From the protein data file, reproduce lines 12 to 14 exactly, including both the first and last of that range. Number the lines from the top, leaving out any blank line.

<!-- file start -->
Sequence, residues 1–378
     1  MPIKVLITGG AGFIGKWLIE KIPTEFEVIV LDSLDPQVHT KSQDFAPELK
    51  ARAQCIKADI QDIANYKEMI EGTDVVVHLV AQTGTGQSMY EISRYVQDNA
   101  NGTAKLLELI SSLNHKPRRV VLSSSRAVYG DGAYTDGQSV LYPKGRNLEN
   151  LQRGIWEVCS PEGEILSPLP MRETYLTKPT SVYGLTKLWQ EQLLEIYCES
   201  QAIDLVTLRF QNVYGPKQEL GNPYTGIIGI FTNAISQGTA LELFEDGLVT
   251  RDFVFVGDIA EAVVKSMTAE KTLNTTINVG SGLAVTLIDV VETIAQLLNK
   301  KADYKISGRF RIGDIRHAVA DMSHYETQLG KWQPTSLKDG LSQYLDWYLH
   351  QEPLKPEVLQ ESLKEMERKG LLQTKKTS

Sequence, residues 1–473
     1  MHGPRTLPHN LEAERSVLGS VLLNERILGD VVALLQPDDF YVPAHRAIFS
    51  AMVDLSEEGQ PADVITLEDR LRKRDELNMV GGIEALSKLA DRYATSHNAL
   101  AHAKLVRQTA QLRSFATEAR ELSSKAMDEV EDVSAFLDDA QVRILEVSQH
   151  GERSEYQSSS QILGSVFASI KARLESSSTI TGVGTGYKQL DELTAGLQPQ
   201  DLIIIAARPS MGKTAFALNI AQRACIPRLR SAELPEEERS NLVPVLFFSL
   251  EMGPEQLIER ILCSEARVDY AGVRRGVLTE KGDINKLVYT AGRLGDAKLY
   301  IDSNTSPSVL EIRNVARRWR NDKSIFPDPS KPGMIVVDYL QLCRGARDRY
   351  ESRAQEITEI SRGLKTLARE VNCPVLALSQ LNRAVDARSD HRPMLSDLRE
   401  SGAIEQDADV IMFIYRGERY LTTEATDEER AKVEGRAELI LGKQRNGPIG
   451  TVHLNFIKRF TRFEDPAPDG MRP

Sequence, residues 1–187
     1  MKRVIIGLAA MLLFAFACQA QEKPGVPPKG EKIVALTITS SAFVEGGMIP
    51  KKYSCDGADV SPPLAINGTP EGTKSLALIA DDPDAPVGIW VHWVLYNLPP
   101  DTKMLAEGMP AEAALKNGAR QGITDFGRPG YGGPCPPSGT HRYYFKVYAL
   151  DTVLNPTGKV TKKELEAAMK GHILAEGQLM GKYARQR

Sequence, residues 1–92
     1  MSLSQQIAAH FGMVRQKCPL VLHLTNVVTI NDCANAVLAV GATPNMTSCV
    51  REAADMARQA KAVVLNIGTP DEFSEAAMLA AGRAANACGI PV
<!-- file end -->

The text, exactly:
    51  AMVDLSEEGQ PADVITLEDR LRKRDELNMV GGIEALSKLA DRYATSHNAL
   101  AHAKLVRQTA QLRSFATEAR ELSSKAMDEV EDVSAFLDDA QVRILEVSQH
   151  GERSEYQSSS QILGSVFASI KARLESSSTI TGVGTGYKQL DELTAGLQPQ